On the Water: Big Bass Have Arrived

Looks heavy. Bill Gardiner caught this 42.26-pound striped bass early Saturday morning in Montauk. As of Tuesday, the fish led the Montauk SurfMasters’ spring shootout tournament. Paul Apostolides

    The question of whether any large striped bass have shown up yet was answered on Friday morning when Adam Flax arrived at Paulie’s Tackle shop in Montauk and placed a 23.75-pound striper on the scale. It was the first contender in the SurfMasters’ spring shootout tournament.
    The Flax fish was followed to the scales by a 42.26-pounder landed by Bill Gardiner on Saturday morning, then on Monday, a 40.6-pound striped bass caught by Paul Pira.
    As of Tuesday, Gardiner was in first place in the SurfMaster shootout. Unfortunately, Pira had not entered the contest. He has a chance to enter Paulie’s Tackle’s own tournament, which starts tomorrow and ends on Sunday at 10 a.m. Surfcasters can enter the contest as late as Saturday morning.
    Without the benefit of full disclosure, the big fish appear to have been taken from among the rocks somewhere between Ditch Plain and Montauk Point. This is somewhat of a departure from past years, when big bass made their first appearance on sand beaches in Montauk. There was no such departure to the west. Harvey Bennett of the Tackle Shop in Amagansett reported that bass in the 20-pound class are being taken all along the south-facing beaches, many of them on clam baits. “It’s a lazy man’s way of fishing, but it’s effective,” Bennett said.
    Further proof that the big bass have arrived was pulled on board the Sea Wife IV charter boat over the weekend, again, a 42-pounder.
    Chris Miller of the West Lake Marina in Montauk is a spear fisherman. He said that most years he begins seeing bigger bass in the rips off of Montauk Point about the second week of June. “Surfcasters usually catch them from the beach first,” Miller said. This time of year, he free dives with a seven-millimeter wetsuit to fend off the 50-degree water temperatures, and a weight belt to counteract the buoyancy of the thick suit.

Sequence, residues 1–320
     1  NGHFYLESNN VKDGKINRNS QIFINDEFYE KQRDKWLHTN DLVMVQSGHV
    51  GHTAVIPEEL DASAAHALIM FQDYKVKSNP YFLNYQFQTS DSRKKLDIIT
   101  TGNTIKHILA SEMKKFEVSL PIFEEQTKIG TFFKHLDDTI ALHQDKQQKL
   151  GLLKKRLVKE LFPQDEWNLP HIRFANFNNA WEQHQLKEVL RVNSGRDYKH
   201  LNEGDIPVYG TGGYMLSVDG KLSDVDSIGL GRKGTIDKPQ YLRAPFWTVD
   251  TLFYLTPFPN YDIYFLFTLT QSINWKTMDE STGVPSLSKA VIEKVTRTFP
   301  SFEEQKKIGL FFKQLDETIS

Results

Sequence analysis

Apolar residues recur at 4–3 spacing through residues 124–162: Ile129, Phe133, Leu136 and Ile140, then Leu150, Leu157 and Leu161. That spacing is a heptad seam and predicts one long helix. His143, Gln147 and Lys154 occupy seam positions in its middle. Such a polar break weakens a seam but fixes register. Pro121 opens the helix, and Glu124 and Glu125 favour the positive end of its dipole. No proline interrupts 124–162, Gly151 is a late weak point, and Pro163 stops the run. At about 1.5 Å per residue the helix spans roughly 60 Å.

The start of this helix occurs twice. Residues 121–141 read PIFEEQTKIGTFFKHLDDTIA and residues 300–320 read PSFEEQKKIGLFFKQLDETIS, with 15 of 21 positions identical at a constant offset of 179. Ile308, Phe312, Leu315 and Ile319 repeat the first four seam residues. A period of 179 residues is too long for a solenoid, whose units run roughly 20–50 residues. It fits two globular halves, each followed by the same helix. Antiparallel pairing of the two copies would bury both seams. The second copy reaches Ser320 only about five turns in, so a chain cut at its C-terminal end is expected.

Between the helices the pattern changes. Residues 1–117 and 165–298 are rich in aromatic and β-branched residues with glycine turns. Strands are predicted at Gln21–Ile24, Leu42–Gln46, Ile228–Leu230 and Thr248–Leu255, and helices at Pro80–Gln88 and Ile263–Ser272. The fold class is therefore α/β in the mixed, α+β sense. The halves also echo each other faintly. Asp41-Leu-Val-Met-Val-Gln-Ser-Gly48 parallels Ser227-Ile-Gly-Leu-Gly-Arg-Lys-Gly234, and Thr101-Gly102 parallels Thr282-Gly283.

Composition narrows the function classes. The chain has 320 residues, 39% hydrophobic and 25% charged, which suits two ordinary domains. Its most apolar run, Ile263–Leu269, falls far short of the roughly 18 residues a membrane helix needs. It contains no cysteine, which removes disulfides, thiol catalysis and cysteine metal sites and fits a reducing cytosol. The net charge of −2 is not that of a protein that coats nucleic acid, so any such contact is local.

Miller reports an unfortunate influx of dogfish, a k a sand sharks, on the south side. The doggies are a bane to anglers because of their habit of stealing bait and taking hooks destined for species considered more worthy.
    Sea bass are one such species. They are being found with regularity these days, but can’t be kept until June 13. This year the black sea bass season is split, June 13 through Oct. 1 and Nov. 1 through Dec. 31.
    In the fluke department, boaters who have been experiencing an on-again-off-again pick on the south side got a recent shot in the arm with fluke showing up in the rips around Montauk Point. The word is there are a lot of shorts, fluke less than 20.5 inches in length, but there are some larger fluke mixed in.
    Heather King was fishing on the Lazy Bones party boat during the week. Her gear found a seven-pound fluke and then a hefty, five-pound sea bass, which had to be returned to the deep.
    The swarms of blowfish that have inundated Gardiner’s Bay have also made a sizable presence in Three Mile Harbor and Lake Montauk.
    The idea of whiling away a sunny afternoon sitting on the commercial dock down by the Gosman’s complex in Montauk with a lightweight rod and flounder hook, a bucket slowly filling with fish that look like white balloons, their tails bound for the scampi pan, is a pleasant one.